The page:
- President Goodluck Jonathan is participating directly in the talks, sources say
- The national strike started last week in response to a government move to end fuel subsidies
- Labor unions urge protesters to take a weekend break to stock up on food and water
- Protests will resume Monday if both sides don't reach a deal, a union official says
Nigerian labor unions resumed talks with the government Sunday in a bid to reach a deal to stop a national strike over soaring fuel prices, sources close to the negotiations said.
President Goodluck Jonathan participated directly in the discussions, they said. Late-night wrangling ended earlier in the day without a compromise.
Oil labor unions will not shut down production of crude as planned, according to union sources who did not want to be named because of the sensitivity of the talks.
Last week, a major oil union, Petroleum and Natural Gas Senior Staff Association of Nigeria, threatened to halt production Sunday in solidarity with protesters if the two sides don't reach an agreement.
A move to halt production would reverberate on the global market -- Nigeria is the world's eighth-largest crude exporter.
Throngs of protesters have taken to the streets to demand government accountability and a return of fuel subsidies that ended on January 1, a move that doubled gas prices and sent the cost of other goods skyrocketing.
Scattered protests escalated into a national strike that started Monday, paralyzing the nation of more than 160 million people.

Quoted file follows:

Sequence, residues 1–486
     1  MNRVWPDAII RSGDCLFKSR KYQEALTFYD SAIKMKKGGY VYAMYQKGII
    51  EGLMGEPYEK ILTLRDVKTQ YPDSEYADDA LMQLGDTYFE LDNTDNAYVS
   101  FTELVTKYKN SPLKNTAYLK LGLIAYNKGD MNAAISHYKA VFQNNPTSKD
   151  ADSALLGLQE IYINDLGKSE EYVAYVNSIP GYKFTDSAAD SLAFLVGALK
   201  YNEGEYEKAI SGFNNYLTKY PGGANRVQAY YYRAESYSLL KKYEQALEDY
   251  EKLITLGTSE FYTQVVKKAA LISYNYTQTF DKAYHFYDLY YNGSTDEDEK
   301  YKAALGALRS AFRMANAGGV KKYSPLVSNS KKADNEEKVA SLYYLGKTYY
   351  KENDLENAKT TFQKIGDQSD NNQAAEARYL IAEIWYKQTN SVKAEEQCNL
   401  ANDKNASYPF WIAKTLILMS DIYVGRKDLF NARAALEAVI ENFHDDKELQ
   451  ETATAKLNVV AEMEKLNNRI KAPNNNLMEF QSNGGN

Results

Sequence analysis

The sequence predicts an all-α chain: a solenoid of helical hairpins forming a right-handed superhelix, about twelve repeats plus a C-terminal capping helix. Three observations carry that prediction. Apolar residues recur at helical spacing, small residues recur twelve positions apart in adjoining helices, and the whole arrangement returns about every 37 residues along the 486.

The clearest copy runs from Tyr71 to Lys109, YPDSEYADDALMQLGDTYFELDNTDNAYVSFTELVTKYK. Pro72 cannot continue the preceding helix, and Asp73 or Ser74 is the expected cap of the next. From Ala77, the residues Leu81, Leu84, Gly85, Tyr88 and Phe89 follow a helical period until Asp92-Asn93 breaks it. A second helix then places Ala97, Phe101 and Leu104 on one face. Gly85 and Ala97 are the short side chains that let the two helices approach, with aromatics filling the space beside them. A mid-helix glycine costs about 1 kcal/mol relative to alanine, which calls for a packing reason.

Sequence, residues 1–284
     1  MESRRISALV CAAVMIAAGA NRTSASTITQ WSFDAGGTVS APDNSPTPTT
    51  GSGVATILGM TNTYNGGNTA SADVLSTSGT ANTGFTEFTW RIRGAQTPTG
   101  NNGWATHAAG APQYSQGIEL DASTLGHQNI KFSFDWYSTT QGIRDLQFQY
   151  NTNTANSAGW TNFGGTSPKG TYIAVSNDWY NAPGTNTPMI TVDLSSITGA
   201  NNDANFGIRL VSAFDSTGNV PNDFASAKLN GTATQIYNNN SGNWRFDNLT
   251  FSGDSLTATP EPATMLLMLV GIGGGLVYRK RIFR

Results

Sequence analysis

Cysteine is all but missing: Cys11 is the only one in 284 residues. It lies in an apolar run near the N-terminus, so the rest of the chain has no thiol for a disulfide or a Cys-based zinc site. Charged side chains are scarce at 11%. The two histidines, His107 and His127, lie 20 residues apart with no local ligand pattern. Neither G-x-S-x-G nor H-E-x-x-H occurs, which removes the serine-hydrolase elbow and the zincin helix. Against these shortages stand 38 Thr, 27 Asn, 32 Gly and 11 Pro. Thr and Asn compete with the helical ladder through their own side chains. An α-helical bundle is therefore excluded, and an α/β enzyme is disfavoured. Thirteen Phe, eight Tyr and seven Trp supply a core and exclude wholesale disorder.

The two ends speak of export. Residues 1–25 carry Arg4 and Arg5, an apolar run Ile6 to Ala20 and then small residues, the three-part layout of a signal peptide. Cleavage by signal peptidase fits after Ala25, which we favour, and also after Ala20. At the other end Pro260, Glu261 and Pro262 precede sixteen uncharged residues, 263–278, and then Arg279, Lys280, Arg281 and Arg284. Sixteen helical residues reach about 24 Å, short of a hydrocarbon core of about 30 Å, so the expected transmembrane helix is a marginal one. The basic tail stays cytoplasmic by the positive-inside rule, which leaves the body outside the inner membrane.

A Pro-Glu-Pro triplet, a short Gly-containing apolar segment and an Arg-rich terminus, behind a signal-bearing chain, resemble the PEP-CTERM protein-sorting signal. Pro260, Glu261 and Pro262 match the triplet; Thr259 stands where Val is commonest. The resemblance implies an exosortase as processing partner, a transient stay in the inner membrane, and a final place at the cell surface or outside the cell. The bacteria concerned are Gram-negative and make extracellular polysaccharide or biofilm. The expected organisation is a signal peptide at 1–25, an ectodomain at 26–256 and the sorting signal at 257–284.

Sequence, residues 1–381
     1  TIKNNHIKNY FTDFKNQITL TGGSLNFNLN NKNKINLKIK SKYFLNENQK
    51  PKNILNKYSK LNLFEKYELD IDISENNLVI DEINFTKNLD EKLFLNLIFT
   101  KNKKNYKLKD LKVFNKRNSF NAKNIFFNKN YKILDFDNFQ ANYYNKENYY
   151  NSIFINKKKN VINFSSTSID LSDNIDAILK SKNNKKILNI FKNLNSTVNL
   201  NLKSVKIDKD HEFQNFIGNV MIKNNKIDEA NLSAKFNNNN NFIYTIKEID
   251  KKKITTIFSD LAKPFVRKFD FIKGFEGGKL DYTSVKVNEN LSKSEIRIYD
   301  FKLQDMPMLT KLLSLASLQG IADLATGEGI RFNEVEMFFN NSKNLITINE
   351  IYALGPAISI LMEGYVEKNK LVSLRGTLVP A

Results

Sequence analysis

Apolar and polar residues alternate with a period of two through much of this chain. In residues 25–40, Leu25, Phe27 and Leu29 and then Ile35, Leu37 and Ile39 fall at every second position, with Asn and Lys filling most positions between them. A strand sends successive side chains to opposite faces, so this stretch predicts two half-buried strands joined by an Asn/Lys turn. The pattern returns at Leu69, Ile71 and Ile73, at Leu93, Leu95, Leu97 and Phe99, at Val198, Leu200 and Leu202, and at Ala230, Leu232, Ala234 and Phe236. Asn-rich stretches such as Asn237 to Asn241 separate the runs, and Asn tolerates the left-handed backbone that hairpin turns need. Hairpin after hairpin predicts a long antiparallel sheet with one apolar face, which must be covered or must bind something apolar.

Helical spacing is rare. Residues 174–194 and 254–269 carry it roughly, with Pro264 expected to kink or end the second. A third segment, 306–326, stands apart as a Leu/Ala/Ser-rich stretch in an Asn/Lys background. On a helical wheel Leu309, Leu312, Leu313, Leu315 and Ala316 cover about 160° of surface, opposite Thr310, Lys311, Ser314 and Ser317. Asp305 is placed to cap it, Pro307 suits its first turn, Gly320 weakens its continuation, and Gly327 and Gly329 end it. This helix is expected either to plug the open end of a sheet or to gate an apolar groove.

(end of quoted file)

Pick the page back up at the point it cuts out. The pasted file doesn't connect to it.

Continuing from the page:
Union leaders called for a temporary suspension to the national strikes for the weekend to allow protesters to stock up on food and water, but said they would resume Monday if the subsidies are not reinstated.
"The whole labor movement will return to strike Monday but negotiations are continuing," said Elijah Okubu, president of NUPENG, another oil workers' union. "Negotiation is the hallmark of industrial relations."
Nigerians flocked to stores Sunday to buy basic necessities amid uncertainty on how long protests will last once they resume. Long lines snaked around gas stations, as crowds flooded markets to buy food.
Demonstrations started as an outcry against the removal of fuel subsidies and grew into anger against government corruption. Nigerians consider the subsidies one of the few benefits of living in an oil-producing nation that has little infrastructure, high unemployment and intermittent electricity.
The protests -- dubbed "Occupy Nigeria" -- have galvanized the continent's most populous nation.
Nigerians accuse their leaders of corruption and misusing oil revenues in a country where most citizens battle grinding poverty.
The government has said the removal will free up billions this year to boost the economy and improve the country's infrastructure.
But there is a widespread lack of trust in the government to provide the infrastructure; Nigeria is regularly ranked among the most corrupt countries in the world.
Finance Minister Ngozi Okonjo-Iweala said Nigerians should not let the past determine the future. She said the goal now is to regain the citizens' trust and move forward.
"They cannot say because of mistakes in the past the country should not move forward," she said.